Where the Wild Things Are

Where the Wild Things Are

Lions and tigers and turtles and sharks are standard fare at most any zoo or aquarium, but Hawaii’s wet-and-wild attractions go one step further by offering a heaping dose of island-style hospitality By: Marty Wentzel
Touching creatures in the Maui Ocean Center tide pool // © 2013 Sea Life Park
Touching creatures in the Maui Ocean Center tide pool // © 2013 Sea Life Park

Lions and tigers and turtles and sharks are standard fare at most any zoo or aquarium, but Hawaii’s wet-and-wild attractions go one step further by offering a heaping dose of island-style hospitality.

At once fun, educational and affordable, zoos and aquariums are a perfect fit for family vacations around the world, said Jennifer Fields of the Association of Zoos and Aquariums.

“When visiting zoos and aquariums, families can learn more about the destination’s local flora and fauna and, ultimately, what they can do to help protect the species that reside here,” Fields said.

A wildlife experience on the islands often has a uniquely Hawaiian flavor as well. At the 42-acre Honolulu Zoo, for instance, birds and beasts frolic in distinctive settings such as the Tropical Forest and Pacific Islands habitats. The zoo’s logo features a native koa leaf pattern and tapa (traditional bark cloth) print, and its gardens are rich in native plants, such as the Hawaiian gardenia and white fragrant hibiscus.

Along with zookeeper talks and lively demonstrations, the Honolulu Zoo lures families with unique experiences such as stargazing programs, twilight tours and the overnight Snooze in the Zoo. Underlying the zoo’s sheer love of animals is its emphasis on environmental awareness, so that guests feel responsible for the well-being of their vacation destination, according to Jason Ito, Honolulu Zoo Society board president.

“Zoo-wide, the theme we are working on is ‘We Are All Islanders,’” said Ito.

At the Waikiki Aquarium, meanwhile, clans can come face to face with reef sharks, living corals, giant clams, endangered Hawaiian monk seals, jellyfish and a plethora of colorful native fish, several of which can only be seen there.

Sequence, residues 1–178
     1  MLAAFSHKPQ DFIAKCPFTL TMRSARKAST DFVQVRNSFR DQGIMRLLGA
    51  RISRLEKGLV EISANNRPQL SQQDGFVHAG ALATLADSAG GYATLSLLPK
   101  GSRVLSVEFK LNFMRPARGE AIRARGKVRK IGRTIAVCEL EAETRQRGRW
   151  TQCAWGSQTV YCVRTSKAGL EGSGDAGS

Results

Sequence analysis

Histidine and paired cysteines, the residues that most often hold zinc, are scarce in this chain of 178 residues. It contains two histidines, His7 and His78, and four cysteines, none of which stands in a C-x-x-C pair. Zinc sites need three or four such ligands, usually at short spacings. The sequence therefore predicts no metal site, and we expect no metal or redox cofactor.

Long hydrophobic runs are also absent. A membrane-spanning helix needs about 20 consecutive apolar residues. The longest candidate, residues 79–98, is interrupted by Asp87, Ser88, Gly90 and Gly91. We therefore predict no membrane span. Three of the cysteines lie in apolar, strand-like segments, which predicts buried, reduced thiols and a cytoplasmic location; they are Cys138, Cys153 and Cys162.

“We offer a great opportunity for visiting families to learn about what they might see out in the wild on their vacation,” said Waikiki Aquarium director Andy Rossiter. “Many of our marine life activities also share what families can do to protect our ocean resources.”

The Waikiki Aquarium’s annual summer concert series, Ke Kani O Ke Kai, is a fabulous family option for mingling with Oahu residents. On certain nights from June to August, popular island artists perform live on the seaside lawn while guests savor food from area eateries and wander through the aquarium galleries.

The splashy fun continues at Oahu’s Sea Life Park, where a new exhibit wows all ages with a dozen native Hawaiian sharks in a 300,000-gallon aquarium. Guests from ages 8 to 80 can get hands-on during the park’s daily encounter programs with dolphins, sea lions and Hawaiian rays, and they can even mingle with sharks — separated by just wire mesh.

“Our goal is for our guests to leave with a better understanding and appreciation of the many fascinating animals that live in our oceans,” said Sea Life Park curator Jeff Pawloski.

Panaewa Rainforest Zoo and Garden, located near Hilo on Hawaii Island, stands apart as the only natural tropical rainforest zoo in the U.S. The free 12-acre attraction houses 80 animal species including the endangered nene — the Hawaii state bird — as well as captivating creatures such as two-toed sloths, turtles, kinkajous and a regal white Bengal tiger named Namaste.

Wee ones love Panaewa’s Saturday afternoon petting zoo, which puts convivial critters right at their fingertips. Children, parents and grandparents alike can picnic in the shade of more than 100 types of palms or stroll with peacocks around the grounds — considered a botanical garden — past orchids, bamboos and rhododendrons.

Then there’s the maritime marvel called Maui Ocean Center, entrancing the generations with more than 300 types of marine life alongside interactive presentations. Its Turtle-rrific Thursday and Hangin’ with Honu events provide an exclusive chance to witness Hawaii’s green sea turtles and find out about a successful turtle hatch-and-release program.

“Whether young or old, a diver or non-swimmer, there is something for everyone to see and learn about at Maui Ocean Center, including how to become a better steward of the environment,” said Maui Ocean Center general manager Kate Zolezzi. For families, it’s yet another excellent reason to spend time where the wild things are.

 
 
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